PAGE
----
After mass protests, Poland won't back total abortion ban

The decision appeared to doom an effort to add further limits to what is already one of Europe's most restrictive abortion laws.

Kacper Pempel/Reuters/File
Woman shout slogans as they gather in an abortion rights campaigners' demonstration to protest against plans for a total ban on abortion in front of the ruling party Law and Justice (PiS) headquarters in Warsaw on Oct. 3.

Lawmakers with Poland's ruling right-wing party voted in a tumultuous parliamentary commission session to reject a proposal for a total ban on abortion.

The decision appeared to doom an effort to add further limits to what is already one of Europe's most restrictive abortion laws.

However, the proposal must still go to a vote to the full assembly of the lower house of Parliament on Thursday. Lawmakers will then vote on whether to reject it outright or whether to return it to the commission level for further consideration.

The vote in a chaotic and emotional session on Wednesday evening came after the abortion ban proposal sparked massive protests on Monday, with large numbers of women across the nation donning black, boycotting work and school and demonstrating in the streets.

It came just before the European Parliament held an emotional debate on the situation of women in Poland. Some members called for the need to save unborn lives. Others expressed their solidarity with Polish women, some by wearing black.

"We learned today that for the time being the law seems to be off the table, but I would say that this is no reason for celebration," Dutch lawmaker Sophia in't Veld said, arguing that that current Polish law "still doesn't give women the choice."

In the two days since Monday's protests, Poland's leaders had signaled they wouldn't support the divisive ban.

Members of the ruling right-wing Law and Justice party, joined by lawmakers from other parties, voted against the proposal. Some said they don't approve of imposing criminal sentences on women who seek abortions. The proposal under discussion calls for prison terms of up to five years for both the women and their doctors.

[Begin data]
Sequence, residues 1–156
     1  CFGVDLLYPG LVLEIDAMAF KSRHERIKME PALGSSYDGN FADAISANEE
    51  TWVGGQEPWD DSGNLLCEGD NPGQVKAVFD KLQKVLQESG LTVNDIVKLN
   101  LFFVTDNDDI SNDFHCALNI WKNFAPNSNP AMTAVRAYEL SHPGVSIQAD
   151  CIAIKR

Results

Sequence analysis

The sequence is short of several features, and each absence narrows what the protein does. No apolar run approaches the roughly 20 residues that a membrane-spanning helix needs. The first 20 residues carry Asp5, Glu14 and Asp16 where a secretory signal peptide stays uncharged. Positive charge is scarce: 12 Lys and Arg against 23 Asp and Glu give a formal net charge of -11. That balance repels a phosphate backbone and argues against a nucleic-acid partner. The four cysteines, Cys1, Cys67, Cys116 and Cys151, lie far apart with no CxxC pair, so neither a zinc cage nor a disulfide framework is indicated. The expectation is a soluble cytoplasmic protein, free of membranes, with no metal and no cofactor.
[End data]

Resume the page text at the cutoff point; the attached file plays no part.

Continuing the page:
Law and Justice leader in parliament, Ryszard Terlecki, said after the vote that the ruling party doesn't support the radical draft law.

He said the party is working on a separate draft that would largely leave the current law as it is but limit abortions in cases of Down Syndrome, which are now allowed.

Earlier Wednesday, Jaroslaw Gowin, the minister of science and higher education, said the protests by women have "caused us to think and taught us humility" and that "there will not be a total abortion ban."

Mariusz Dzierzawski, from the committee Stop Abortion, which initiated the proposal, said he hopes it might still return to the commission level. But Dzierzawski didn't sound optimistic, saying the conservative lawmakers had betrayed their voters.

"Murdered children lost," he said.

Ewa Kopacz, an opposition leader, declared a victory for "freedom" and the many women who had taken to Poland's streets.

Poland already outlaws abortions, with exceptions made only for rape, incest, badly damaged fetuses or if the mother's life is at risk. In practice, though, some doctors, citing moral objections, refuse to perform even legal abortions. Polish women seeking abortions typically get them in Germany or other neighboring countries or order abortion pills online.

The anti-abortion initiative gathered 450,000 signatures in support of the total abortion ban and is supported by the Roman Catholic Church.

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